THOUGH HE'S INCLINED to move a congressional district from Baltimore to the Maryland suburbs of Washington, Gov. Parris N. Glendening and his political mapmakers now believe the city provides a better foundation for increasing Democratic strength in Maryland's congressional delegation.
Partisan motivation aside, we believe that shift in strategy would benefit the entire state as well as Democrats.
Of course, we believe that any truly democratic system must tie representation as closely to population as possible. But the process of putting an equal number of voters in each of the state's eight congressional districts is tricky, and inherently influenced by politics.
There is no "right" way to draw the lines separating the districts; decisions get made respecting historical boundaries and other factors. Subjective judgments -- from the demands of incumbent congressmen to the needs of an impoverished city -- must always be made in redistricting exercises. In this case, Maryland and Baltimore would both benefit from Mr. Glendening's plan.
Mr. Glendening wants to see the state's delegation broken down this way: six Democrats and two Republicans. That's more representative of the state's makeup than the current 4-4 split. His best hope for accomplishing that shift, his redistricting team now believes, flows from Democrat-laden Baltimore.
At least eight of every 10 registered voters in the city are Democrats. That base, now divided largely between two congressional districts, would support a third under the still-evolving Glendening plan. Enough solid Democratic city precincts could be transferred to the 2nd Congressional District, now represented by Republican Robert Ehrlich, to make it winnable by Democrats.
Within the inevitably pragmatic boundaries of this political process, Baltimore Democrats deserve grateful consideration from the Democratic Party. The city reliably delivers for Democratic candidates -- even as it has shrunk from about 950,000 residents at its peak in 1950 to 635,000 or so today. Its future therefore resides in new regional alignments in which the city and adjoining counties work together and share political representation. That breakthrough has occurred in Mr. Glendening's legislative district map and would be enhanced by shared congressional districts.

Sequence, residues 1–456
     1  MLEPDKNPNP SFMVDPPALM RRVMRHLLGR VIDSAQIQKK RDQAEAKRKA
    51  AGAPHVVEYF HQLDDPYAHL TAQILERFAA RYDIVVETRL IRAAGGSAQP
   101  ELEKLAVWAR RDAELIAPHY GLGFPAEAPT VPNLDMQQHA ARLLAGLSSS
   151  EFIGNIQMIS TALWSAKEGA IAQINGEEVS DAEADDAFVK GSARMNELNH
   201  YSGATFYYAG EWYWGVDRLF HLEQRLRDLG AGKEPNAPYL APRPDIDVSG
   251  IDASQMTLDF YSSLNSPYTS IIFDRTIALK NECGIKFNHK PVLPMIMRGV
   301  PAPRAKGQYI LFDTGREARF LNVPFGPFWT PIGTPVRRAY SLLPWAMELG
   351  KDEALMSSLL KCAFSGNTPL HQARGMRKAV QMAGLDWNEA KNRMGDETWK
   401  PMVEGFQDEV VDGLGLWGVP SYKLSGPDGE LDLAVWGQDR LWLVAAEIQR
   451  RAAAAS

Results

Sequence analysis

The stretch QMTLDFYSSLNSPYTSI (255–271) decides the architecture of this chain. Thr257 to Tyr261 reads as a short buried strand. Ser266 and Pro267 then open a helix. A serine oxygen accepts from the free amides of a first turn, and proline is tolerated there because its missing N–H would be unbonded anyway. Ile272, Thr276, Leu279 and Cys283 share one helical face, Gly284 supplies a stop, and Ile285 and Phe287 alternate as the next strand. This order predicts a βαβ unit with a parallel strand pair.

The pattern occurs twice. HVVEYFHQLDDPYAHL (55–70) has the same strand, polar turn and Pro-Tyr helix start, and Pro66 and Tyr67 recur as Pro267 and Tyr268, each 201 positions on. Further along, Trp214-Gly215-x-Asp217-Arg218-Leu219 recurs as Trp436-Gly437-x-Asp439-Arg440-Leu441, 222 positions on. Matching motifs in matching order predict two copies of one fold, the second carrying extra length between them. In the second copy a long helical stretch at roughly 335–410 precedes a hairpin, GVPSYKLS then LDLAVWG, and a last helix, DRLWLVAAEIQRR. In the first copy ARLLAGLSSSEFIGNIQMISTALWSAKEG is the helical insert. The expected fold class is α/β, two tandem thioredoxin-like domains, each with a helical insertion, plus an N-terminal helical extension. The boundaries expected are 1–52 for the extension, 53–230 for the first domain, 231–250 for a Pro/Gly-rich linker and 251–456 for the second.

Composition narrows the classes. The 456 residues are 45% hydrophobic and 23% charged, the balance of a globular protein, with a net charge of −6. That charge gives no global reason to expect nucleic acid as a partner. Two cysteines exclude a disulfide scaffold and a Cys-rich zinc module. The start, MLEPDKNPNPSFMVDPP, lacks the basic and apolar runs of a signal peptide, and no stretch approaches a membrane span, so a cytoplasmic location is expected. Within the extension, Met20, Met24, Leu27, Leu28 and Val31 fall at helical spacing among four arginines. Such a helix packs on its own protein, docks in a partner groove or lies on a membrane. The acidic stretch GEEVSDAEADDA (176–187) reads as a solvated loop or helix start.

The word redistricting may induce a kind of narcolepsy in everyone outside insider politics. It's fraught with numbers -- measurements, for example, of Democratic or Republican "voter performance." Every player wants to influence how the numbers work. In the current process, Democratic Reps. Benjamin L. Cardin (3rd) and Elijah E. Cummings (7th) are called upon to make room for a third city-based district. Each of them already represents many suburban voters and would have to accept more. They ought to do so readily if not eagerly.
Both need to exercise restraint, flexibility and pragmatism -- on behalf of the city they represent. Democrats should want to fashion a Baltimore-oriented district in which another Democrat can win. In a state where voter registration figures favor Democrats -- and where Democrats are in control -- that objective cannot be a surprise.
The process should leave the Baltimore region with three congressional districts. Democrats can and should arrange this result. They have been the party of the cities and the beneficiaries of big Democratic majorities in cities. As managers of Maryland's well-being, moreover, Democrats cannot avoid the needs of its major city, which remains important economically and culturally.
It is possible (though probably not likely) that a Republican would win any of the newly formed districts. Depending on the candidate, we'd welcome that result as the fruit of democracy. Republicans should become more city sensitive -- and would, if required to represent large portions of Baltimore.